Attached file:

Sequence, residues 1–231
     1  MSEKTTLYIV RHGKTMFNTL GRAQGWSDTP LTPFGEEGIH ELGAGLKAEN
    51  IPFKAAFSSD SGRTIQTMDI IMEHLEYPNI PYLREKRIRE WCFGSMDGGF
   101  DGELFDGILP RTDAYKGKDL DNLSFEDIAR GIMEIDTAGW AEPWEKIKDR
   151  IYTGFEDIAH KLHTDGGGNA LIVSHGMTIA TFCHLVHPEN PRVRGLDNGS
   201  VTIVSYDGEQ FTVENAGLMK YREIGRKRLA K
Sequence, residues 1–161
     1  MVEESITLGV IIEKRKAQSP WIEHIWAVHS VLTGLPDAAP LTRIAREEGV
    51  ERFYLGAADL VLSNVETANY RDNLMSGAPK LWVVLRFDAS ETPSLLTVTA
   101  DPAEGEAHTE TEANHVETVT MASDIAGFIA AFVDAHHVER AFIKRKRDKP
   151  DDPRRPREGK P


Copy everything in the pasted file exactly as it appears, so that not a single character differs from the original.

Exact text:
Sequence, residues 1–231
     1  MSEKTTLYIV RHGKTMFNTL GRAQGWSDTP LTPFGEEGIH ELGAGLKAEN
    51  IPFKAAFSSD SGRTIQTMDI IMEHLEYPNI PYLREKRIRE WCFGSMDGGF
   101  DGELFDGILP RTDAYKGKDL DNLSFEDIAR GIMEIDTAGW AEPWEKIKDR
   151  IYTGFEDIAH KLHTDGGGNA LIVSHGMTIA TFCHLVHPEN PRVRGLDNGS
   201  VTIVSYDGEQ FTVENAGLMK YREIGRKRLA K
Sequence, residues 1–161
     1  MVEESITLGV IIEKRKAQSP WIEHIWAVHS VLTGLPDAAP LTRIAREEGV
    51  ERFYLGAADL VLSNVETANY RDNLMSGAPK LWVVLRFDAS ETPSLLTVTA
   101  DPAEGEAHTE TEANHVETVT MASDIAGFIA AFVDAHHVER AFIKRKRDKP
   151  DDPRRPREGK P